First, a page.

Report from Louisiana: Cajun Relief Crowd Funding Allows for Donations to Specific Flood Victims

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Report from Louisiana: Cajun Relief Crowd Funding Allows for Donations to Specific Flood Victims

By: Pat Austin

SHREVE­PORT – I wrote on this blog a cou­ple of weeks ago about the excel­lent work the Cajun Relief Foun­da­tion is doing in help­ing Louisiana’s flood vic­tims get back on their feet as the politi­cians dicker over who will over­see the $1.6 bil­lion in fed­eral relief dol­lars. As of this date, none of that relief money has been dis­bursed to flood vic­tims to help rebuild their gut­ted homes.

Cajun Relief Foun­da­tion now has their crowd-​funding site set up to where you can donate every­thing from dish tow­els to stoves to those peo­ple who are try­ing to recover after the August 2016 floods.

Con­sider the case of flood vic­tim Judy Hood:

[Judy] cur­rently rents a mobile home near her Holden Res­i­dence. Her home has been fam­ily owned since the ’60’s. Although it was dev­as­tated by 4′ of flood water, she’s grate­ful to God for the safety of her elderly parents.

Upon her return home, she dis­cov­ered that lit­tle was sal­vage­able. Among her great­est losses were Bibles, year­books, photo albums, and indus­trial art fur­ni­ture pieces designed by her broth­ers. After the flood, Judy dis­cov­ered “cot­ton balls” in which a friend quickly revealed was mold. Stay­ing in the home pro­foundly impacted her health. Judy is a can­cer patient. Unable to eat for two weeks, her health declined and she fell ill with a bac­te­r­ial infec­tion. Although her health has improved, she remains on a breath­ing machine. Her home has been gut­ted and treated for mold; how­ever, recon­struc­tion has yet to begin. Judy has $15,000 in funds to com­plete the work. Her brother is eager to help, but with­out sup­plies, he’s con­cerned, as labor costs alone would quickly deplete the funds.

There is a list of items you can donate through the site to help Judy: she needs tow­els ($25), a dryer ($300), dishes ($50) all the way up to build­ing sup­plies like sheetrock and insulation.

Another case being worked by Cajun Relief is that of Mr. Nate:

At 70 years old, dis­abled, dia­betic and blind in one eye, due to a failed cataract surgery, he just took life as it came and enjoyed being with his neigh­bors. The great flood of August 2016 was unlike any­thing he’d ever seen before and turned his once rel­a­tively easy going life, upside down.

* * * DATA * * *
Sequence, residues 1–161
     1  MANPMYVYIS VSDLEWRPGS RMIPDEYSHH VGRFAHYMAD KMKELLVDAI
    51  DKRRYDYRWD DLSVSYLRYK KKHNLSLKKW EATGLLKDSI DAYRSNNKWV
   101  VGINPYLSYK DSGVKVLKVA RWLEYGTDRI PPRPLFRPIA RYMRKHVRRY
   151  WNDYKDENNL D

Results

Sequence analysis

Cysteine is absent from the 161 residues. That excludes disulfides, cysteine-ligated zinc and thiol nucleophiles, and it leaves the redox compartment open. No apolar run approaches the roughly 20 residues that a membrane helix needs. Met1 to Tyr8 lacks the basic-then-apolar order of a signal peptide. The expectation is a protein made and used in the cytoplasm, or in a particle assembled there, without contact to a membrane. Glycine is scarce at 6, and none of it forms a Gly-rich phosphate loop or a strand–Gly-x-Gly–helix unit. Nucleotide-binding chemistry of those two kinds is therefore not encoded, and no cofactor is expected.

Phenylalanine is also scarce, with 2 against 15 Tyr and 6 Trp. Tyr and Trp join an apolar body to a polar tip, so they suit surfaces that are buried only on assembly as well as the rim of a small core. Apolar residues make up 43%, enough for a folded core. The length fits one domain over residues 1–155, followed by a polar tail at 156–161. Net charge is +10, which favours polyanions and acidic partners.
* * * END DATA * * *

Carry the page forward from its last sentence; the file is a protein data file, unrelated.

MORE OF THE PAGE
When the August storm hit the water began to rise quickly. A friend tried to get to Nataniel by truck, but the water was start­ing to come up into the truck cab. After park­ing a dis­tance away on higher ground, Nathaniel’s friend was able to reach him and pull him to safety through waist deep water. For six months after the flood Nathaniel was dis­placed and stayed with his sis­ter. Every­thing in his home was lost.

In spite of los­ing many of his neigh­bors who were dis­placed due to the over­whelm­ing dev­as­ta­tion, Nathaniel has kept is pos­i­tive spirit. Even sur­viv­ing with no stove, no hot water, and no refrig­er­a­tor, he remains active in ser­vice to those around him.

He needs sil­ver­ware ($30), a water heater ($700), refrig­er­a­tor ($600), pots and pans ($60), etc.

There are many other cases on the Cajun Relief crowd-​funding page. If you can help any of these peo­ple rebuild their lives and make a dona­tion, by all means do so. If you can’t, just shar­ing it on your social media can help.

Go here to read about the crowd-​funding and about Cajun Relief Foun­da­tion. They’re doing the hard work of inter­view­ing and doc­u­ment­ing all of these flood vic­tims and their needs. A case­worker is assigned to each flood vic­tim and that case­worker fol­lows up on needs, talks to the per­son, ensures items get deliv­ered to that vic­tim, and serves as an advo­cate for that person’s needs.